Rover is an online marketplace for canine care, changing the pet services game—and they do it through know-how, policies based upon compassion, and setting the bar high.
In his article of March 13, 1965, entitled “THE STRUCTURE OF ORGANIZATION: WHAT IS POLICY?” L. Ron Hubbard describes the Expansion Formula—the concise and universally applicable steps to achieve organizational growth:
“1. PROVIDE GOOD POLICY.
“2. MAKE IT EASILY KNOWABLE.
“3. BE STRENUOUS IN MAKING SURE IT IS FOLLOWED.
“This is the most broad possible formula for expansion.”
Analyze a growing company and you’ll see the expansion formula at work—intentionally or otherwise. For a startup, “provide good policy” is often the answer to a problem that people have with existing “policy” or lack of it; and this is true of ANY industry.
A Country of Canines
According to the American Society for the Prevention of Cruelty to Animals (ASPCA), approximately 44 percent of American households own at least one dog—totaling around 78 million dogs of every breed imaginable.1
Overall, pet owners spend about $4 billion annually on boarding and grooming; yet most dog owners (estimates show 80–90 percent) would never think of using a kennel to house their beloved pet, although millions of households have a genuine need for pet care when away from home.2
This massive omission in workable policy (best practices) within an industry struck a strident chord with managing director of Madrona Venture Group Greg Gottesman when he discovered his Labrador, Ruby Tuesday, had a cough and scratches after staying in a traditional kennel. At the 2011 Seattle Startup Weekend, a 54-hour entrepreneurial code-a-thon, Gottesman and his team won first place with A Place for Rover, now referred to as Rover.com or simply Rover.3
By using the Airbnb model—an online short-term lodging marketplace—and applying it to the care of our canine companions, Rover now operates the nation’s largest network of pet sitters (85,000+ sitters in 10,000+ cities) while maintaining a 95 percent rate of 5-star reviews. They administer background checks, training, premium insurance, and an array of dog-centric services.4
“We have a high bar for sitters. We only approve 20 percent of applicants,” says Rover’s co-founder and CEO, Aaron Easterly. “We’re aggressive about driving quality within those we approve. If sitters are not being responsive, we err on the side of putting them on away mode. We also look at sitters and their repeat customers. We intentionally favor those who interface more and who have more repeat business.”5
A Policy of Compassion
Their policies, easily knowable and strenuously followed, are integral and indispensable to their operation and expansion. A service is booked every minute of every day, and Rover earns revenue through a percentage of the booking price. Using the site or the app, a customer can search for pet sitters, meet them in person to find the perfect fit, book a sitter, securely pay and rate their experience. Each facet of the process is controlled and designed to build well-earned trust and rapport with the owners—and of course it’s all for the health and well-being of the dogs.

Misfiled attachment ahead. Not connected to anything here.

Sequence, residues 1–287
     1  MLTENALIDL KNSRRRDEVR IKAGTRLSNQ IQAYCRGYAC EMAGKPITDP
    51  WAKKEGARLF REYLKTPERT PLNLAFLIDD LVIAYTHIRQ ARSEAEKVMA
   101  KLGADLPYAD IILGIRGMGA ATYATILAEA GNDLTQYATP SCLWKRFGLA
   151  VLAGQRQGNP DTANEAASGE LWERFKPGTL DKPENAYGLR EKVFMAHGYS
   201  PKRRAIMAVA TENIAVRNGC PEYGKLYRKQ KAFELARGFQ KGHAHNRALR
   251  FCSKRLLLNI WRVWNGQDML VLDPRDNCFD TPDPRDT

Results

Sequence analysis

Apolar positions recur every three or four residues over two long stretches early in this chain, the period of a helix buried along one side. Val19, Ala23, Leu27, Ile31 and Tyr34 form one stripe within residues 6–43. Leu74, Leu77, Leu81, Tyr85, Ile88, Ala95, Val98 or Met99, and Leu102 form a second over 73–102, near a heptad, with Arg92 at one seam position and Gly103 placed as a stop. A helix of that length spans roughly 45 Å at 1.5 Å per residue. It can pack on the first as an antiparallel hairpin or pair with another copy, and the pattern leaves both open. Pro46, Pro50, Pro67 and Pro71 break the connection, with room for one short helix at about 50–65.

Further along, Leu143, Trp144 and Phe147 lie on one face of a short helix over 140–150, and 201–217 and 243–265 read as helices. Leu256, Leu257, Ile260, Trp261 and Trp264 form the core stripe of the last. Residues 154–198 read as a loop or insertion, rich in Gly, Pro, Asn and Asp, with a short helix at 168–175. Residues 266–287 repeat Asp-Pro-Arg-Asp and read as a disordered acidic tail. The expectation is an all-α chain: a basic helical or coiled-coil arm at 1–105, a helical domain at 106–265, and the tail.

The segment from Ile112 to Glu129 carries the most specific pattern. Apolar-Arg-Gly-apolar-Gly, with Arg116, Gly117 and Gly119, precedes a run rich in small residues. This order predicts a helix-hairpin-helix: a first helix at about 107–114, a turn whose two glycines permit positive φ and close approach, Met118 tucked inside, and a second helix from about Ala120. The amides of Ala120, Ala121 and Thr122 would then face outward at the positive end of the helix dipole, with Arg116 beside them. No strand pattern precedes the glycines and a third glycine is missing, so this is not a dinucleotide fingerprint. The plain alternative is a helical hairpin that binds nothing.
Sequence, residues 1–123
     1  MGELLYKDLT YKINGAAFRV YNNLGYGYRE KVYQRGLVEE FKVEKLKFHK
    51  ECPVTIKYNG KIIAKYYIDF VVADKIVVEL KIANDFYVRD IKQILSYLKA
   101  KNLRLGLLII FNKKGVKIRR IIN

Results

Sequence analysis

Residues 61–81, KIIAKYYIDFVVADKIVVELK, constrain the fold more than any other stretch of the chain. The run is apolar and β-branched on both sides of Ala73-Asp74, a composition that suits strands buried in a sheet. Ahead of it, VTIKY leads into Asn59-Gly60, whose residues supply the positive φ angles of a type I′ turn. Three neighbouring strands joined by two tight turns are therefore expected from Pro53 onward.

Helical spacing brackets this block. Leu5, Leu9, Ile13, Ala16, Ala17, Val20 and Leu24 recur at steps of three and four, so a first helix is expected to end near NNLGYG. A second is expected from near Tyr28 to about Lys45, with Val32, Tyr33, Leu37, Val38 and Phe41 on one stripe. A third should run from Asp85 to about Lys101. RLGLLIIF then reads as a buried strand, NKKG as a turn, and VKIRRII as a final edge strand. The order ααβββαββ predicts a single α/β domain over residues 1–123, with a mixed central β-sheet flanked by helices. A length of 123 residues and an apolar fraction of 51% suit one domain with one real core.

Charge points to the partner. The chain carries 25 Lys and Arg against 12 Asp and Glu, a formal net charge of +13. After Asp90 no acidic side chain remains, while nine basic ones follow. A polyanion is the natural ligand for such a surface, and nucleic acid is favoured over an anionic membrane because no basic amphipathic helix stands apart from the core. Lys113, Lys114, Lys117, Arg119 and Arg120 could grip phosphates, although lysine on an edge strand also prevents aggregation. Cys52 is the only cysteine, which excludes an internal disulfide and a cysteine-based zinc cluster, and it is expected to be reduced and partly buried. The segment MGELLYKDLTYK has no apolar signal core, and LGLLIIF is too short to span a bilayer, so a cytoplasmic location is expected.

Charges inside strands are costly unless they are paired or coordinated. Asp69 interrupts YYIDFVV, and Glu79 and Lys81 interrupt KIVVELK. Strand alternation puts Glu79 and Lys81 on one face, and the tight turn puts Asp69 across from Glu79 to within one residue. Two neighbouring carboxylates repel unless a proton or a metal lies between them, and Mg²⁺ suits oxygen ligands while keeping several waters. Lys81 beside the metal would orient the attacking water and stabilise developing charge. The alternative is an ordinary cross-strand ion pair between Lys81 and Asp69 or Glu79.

“We wanted the people who love dogs,” explains Easterly. “One of the things we did in the early days was launch our Sit a Dog, Save a Life program. This allowed sitters to give a portion of their earnings back to an animal-related non-profit. Nearly a quarter of a million dollars has been donated via that program. It turned out that was a wonderful mechanism to see why a sitter was applying.”
Combined with Gottesman’s experience with startups and venture capital, Easterly’s background as a statistician—a rare but valuable quality for a community marketplace CEO—has been a major plus. Rover keeps detailed statistical track of every facet of their community. “If you’re doing something with passion that is impacting people, you should be able to measure somehow beyond just anecdotes,” says Easterly. “If you’re really doing something that is going to impact people’s lives, you’ll have to be able to measure it.”
A World of Happier Dogs
The reliance on another person to care for a family’s best friend is based on trust. Tech savvy, quality control and competitive pricing combine to make Rover an expanding and scalable business model. Brick-and-mortar facilities are not needed, so Rover employees focus on selection of high-quality arrangements for the dogs while remaining cost-effective.
Total bookings for Rover reached $150 million for 2016, and in March 2017 they acquired their competitor, DogVacay, in an all-stock deal.6 Currently, the company operates in all fifty states and some cities in Canada, with plans underway to move into the global marketplace.
Rover is an excellent example of astute and workable policy applied to a community of millions of people—and, in this case, millions of dogs, cared for and happier than ever.
By Prosperity Editor
- “Pet Statistics.” ASPCA.org. The American Society for the Prevention of Cruelty to Animals, n.d. Web. Jun. 13, 2017.
- Seattle Business Magazine. Bright Ideas: Northwest Entrepreneurs & Their Inspiring Innovations. eBook. Tiger Oak Media, 2017.
- Cook, John. “An Airbnb for Your Pet? A Place for Rover Wins Best in Show at Startup Weekend.” GeekWire.com. GeekWire, Jun. 12, 2011. Web. Jun. 13, 2017.
- “About The Dog People.” Rover.com. A Place for Rover, n.d. Web. Jun. 13, 2017.
- Jones, Carrie Melissa. “How Rover Grew 3500% in One Year Through Letting Their Community Run with the Dogs.” CMXhub.com. CMX, May 15, 2015. Web. Jun. 13, 2017.
- Roof, Katie, and Ryan Lawler. “Rover and DogVacay Merge to Dominate the Pet-Sitting Market.” TechCrunch.com. Oath, Mar. 29, 2017. Web. Jun. 13, 2017.
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